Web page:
Patients who present with existing implants are often challenging to treat and may not be ideal for overdenture treatment. A 65-year-old female patient with existing maxillary anterior implants presented concerned that she might need a full denture and desired to keep her implants. At presentation, teeth Nos. 2 through 4 were nonrestorable, and there were existing implants at Nos. 5, 6, 11, and 12 with o-ring attachments for an existing removable partial denture (Figure 3). The patient expressed concerns regarding the bulkiness of her current prosthesis and said she had difficulty inserting and removing it. Upon examination, it was evident that existing implants were not in ideal positions nor had ideal angulation, and a moderate amount of bone loss surrounded each implant. The patient indicated that the implants had been placed with the goal of having traditional crown-and-bridge prosthetics fabricated, but a life event occurred that required her to change the treatment plan to a more affordable option.

After extensive discussion regarding the existing condition and treatment options, the patient decided to proceed with a complete denture prosthesis. Impressions were made for an immediate denture with the goal of attachment to existing implants at the time of extractions of teeth Nos. 2 through 4. The existing o-ring abutments were removed, the implants were sized, and tissue height measurements were determined. The patient returned, local anesthesia was administered, and teeth Nos. 2 through 4 were extracted. The o-ring abutments were removed from each of the implants, and traditional, low-profile, stud-style abutments (LOCATOR) were placed and torqued to the manufacturer's recommendations (Figure 4).

After placement of the abutments, a recess was prepared within the patient's denture, housings were attached to the abutments, and composite resin (CHAIRSIDE® Attachment Processing Material, Zest Dental Solutions) was used to pick up the housings within the denture (Figure 5). Extended-range nylon inserts were utilized within the denture housings to accommodate the excessive angulation of the implants. The patient demonstrated insertion and removal of the prosthesis and was satisfied with the esthetics, fit, and form of the restoration.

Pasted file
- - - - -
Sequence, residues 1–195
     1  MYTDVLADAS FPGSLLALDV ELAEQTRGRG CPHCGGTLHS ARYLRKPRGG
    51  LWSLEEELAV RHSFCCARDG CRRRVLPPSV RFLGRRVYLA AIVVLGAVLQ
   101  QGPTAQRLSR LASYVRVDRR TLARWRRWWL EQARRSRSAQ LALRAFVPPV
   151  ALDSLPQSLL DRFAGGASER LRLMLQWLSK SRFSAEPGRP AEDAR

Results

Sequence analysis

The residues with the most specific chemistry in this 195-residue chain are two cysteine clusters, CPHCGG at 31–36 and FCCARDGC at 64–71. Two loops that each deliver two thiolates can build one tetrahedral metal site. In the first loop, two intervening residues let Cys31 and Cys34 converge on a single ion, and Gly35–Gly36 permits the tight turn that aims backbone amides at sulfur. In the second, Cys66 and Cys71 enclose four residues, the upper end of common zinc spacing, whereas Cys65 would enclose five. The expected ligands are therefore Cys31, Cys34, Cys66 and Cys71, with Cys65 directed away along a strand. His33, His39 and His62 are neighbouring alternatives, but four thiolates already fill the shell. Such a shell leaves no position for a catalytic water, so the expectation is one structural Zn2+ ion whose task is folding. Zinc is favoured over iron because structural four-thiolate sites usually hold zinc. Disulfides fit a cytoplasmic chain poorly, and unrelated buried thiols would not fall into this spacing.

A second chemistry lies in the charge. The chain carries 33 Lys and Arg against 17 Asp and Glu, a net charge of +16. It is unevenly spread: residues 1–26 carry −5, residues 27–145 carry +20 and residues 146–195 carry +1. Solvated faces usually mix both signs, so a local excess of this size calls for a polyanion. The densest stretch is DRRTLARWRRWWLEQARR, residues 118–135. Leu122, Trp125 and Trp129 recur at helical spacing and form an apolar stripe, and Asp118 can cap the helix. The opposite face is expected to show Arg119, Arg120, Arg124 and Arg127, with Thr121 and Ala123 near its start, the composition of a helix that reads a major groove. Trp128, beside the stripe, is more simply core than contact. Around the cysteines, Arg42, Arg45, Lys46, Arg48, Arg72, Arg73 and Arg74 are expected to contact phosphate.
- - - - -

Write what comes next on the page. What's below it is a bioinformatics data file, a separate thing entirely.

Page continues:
Approximately 3 months after the teeth were removed the patient returned with the concern that she was having difficulty inserting and removing the prosthesis. Upon detailed examination of the prosthesis, the extended-range nylon inserts were found to be bent at the edges and had started to wear prematurely. Additionally, the patient indicated that she had a problem with an implant on her right side. Clinical examination revealed the implant in the No. 5 position had fractured slightly below the gingiva (Figure 6). After explaining to the patient why the excessive angulation of her implants was compounding the problem, the author recommended changing the traditional stud-style abutments to a more contemporary stud-style abutment (LOCATOR R-Tx®, Zest Dental Solutions) that could accommodate extended angulation discrepancies between implants.

The traditional stud-style abutments were removed and contemporary study-style abutments were placed on top of each implant (Figure 7). Complete adaptation of each abutment to the respective implant was verified, and each abutment was torqued to the manufacturer's recommended settings (Figure 8). Housings were attached to the top of each of abutment (Figure 9), and composite resin was used to attach each one to the denture. The processing inserts were removed and medium-strength nylon inserts were placed into the housings within the denture. The patient was given instructions on inserting and removing the prosthesis and was satisfied with the esthetics, fit, and form of the restoration (Figure 10).

The patient returned approximately 3 months after the abutments were changed and reported enhanced comfort, easy insertion and removal, and satisfaction with the stability of the prosthesis for chewing and speaking. Additionally, the nylon inserts appeared to have no damage or wear, and retention levels for the patient seemed appropriate. The patient expressed satisfaction and indicated that she felt like the change was beneficial to ensuring a long-term result with her teeth and implants.


While proper diagnosis and treatment planning may prevent many cases of excessive implant angulation, as dental implant treatment becomes increasingly more prevalent patients will certainly require treatment alterations over the course of their lifetime. In the case of the aforementioned maxillary overdenture treatment, the patient had implants placed that were intended for a crown-and-bridge prosthesis; however, due a major change in her personal life and financial situation, she requested a less expensive removable partial denture option. Although at the time of presentation to the author's office she was accustomed to wearing the removable partial denture, she was never content with that restorative therapy. Ultimately, the design of the removable partial prosthesis impacted her ability to be comfortable with the treatment, because the implants were placed in non-ideal positions for such treatment. Eventually, as the remaining teeth began to fail, a full denture was indicated.